The Fire Tower (Der Feuerturm), Catalin Dorian Florescu, CH Beck – With a sweeping range of characters and events and its motif of the fire tower refracted through multiple timeframes, Florescu’s novel is reminiscent of Seehalter’s Ein Ganzes Leben, William Golding’s The Spire and Koestler’s Darkness at Noon.

Our German Fairy Tale (Unser Deutschlandmärchen), Dinçer Güçyeter, mikrotext – debut novel by a part-time forklift truck driver who has published two volumes of poetry. A candid and convincing family saga told in the voices of three generations from the early twentieth-century to the present, set in Turkey and Germany. 

Into The Unknown (Ins Unbekannte), Lukas Hartmann, Diogenes – a fascinating dual portrait by one of Switzerland’s best-known authors, depicting key moments and common themes in the true lives of two figures yearning for a better life. Sabina Spielrein is a Russian-Jewish physician and one of the first female psychotherapists, and Fritz Platter is a founding member of the Swiss Communist Party and Communist International.  

Rendezvous in Manhattan (Rendezvous in Manhattan), Grete Hartwig-Manschinger, Das vergessene Buch – Set in New York during the Second World War, Rendezvous in Manhattan captures the everyday atmosphere of the bustling city from the point of view of beautiful factory worker as she rises from rags to riches. It is the only novel by the exiled Austrian writer and cabaret artist, Grete Hartwig-Manschinger, who settled in New York after fleeing the Nazis.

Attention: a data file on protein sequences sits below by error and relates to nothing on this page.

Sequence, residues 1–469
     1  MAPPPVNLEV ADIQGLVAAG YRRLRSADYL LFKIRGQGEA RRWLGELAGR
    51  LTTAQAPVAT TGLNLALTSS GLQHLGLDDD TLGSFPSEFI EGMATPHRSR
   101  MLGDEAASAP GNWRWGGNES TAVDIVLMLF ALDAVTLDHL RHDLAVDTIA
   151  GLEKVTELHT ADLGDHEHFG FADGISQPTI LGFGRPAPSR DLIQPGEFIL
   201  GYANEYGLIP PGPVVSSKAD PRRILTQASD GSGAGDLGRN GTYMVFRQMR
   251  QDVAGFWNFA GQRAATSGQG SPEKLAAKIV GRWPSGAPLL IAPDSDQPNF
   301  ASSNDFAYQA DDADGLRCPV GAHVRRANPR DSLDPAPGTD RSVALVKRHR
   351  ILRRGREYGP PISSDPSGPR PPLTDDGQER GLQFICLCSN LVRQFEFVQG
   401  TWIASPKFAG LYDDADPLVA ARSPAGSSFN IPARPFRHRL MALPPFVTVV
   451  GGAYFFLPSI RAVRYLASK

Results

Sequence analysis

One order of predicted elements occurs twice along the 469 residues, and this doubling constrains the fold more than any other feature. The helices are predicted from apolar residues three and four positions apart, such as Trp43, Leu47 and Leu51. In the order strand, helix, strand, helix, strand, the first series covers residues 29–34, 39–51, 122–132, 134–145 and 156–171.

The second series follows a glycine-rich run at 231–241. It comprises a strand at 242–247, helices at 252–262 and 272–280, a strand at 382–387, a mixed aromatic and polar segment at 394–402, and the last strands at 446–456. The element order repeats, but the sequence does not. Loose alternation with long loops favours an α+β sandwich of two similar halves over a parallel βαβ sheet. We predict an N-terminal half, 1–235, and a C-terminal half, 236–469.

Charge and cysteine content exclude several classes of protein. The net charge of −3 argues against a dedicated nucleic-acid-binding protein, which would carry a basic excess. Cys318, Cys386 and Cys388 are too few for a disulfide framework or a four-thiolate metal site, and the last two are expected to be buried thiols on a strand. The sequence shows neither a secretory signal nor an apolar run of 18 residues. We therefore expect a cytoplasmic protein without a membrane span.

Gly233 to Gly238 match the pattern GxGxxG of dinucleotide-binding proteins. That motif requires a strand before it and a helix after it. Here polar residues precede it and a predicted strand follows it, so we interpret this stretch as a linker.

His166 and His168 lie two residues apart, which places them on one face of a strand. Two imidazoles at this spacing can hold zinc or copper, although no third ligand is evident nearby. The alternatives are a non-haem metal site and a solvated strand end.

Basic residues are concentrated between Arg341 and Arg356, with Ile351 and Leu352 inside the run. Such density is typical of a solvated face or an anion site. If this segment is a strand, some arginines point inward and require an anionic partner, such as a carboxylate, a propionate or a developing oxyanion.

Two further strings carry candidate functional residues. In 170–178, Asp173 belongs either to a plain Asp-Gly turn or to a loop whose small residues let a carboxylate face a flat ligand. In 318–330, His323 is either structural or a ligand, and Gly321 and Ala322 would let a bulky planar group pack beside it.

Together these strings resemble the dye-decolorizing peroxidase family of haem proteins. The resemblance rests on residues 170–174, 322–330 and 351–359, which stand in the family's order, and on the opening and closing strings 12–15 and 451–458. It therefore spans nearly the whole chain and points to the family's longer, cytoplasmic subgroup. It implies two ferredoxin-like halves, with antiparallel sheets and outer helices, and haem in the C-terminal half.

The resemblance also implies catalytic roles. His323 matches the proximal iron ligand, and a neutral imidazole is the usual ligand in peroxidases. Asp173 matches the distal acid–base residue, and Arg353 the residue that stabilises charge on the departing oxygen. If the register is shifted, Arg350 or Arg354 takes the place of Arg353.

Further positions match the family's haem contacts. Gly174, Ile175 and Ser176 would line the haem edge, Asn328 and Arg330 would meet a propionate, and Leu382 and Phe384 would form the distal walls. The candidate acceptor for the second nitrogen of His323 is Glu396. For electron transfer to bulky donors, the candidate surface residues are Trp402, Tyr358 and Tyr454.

Lukusch (Lukusch), Benjamin Heisenberg, Verlag C.H.Beck – a literary detective story, with echoes of Stranger Things: a German filmmaker sets out to find a refugee from the Chernobyl disaster who went to Germany, was catapulted to international fame as a chess wunderkind and then disappeared.  

Dog Wolf Jackal (Hund Wolf Schackal), Behzad Karim Khani, Hanser Verlag –  a spectacular debut that tells the story of two brothers and their father who leave Iran for Berlin in the late 1980s. One of the brothers is drawn into a culture of gang crime in the Berlin suburb of Neukölln.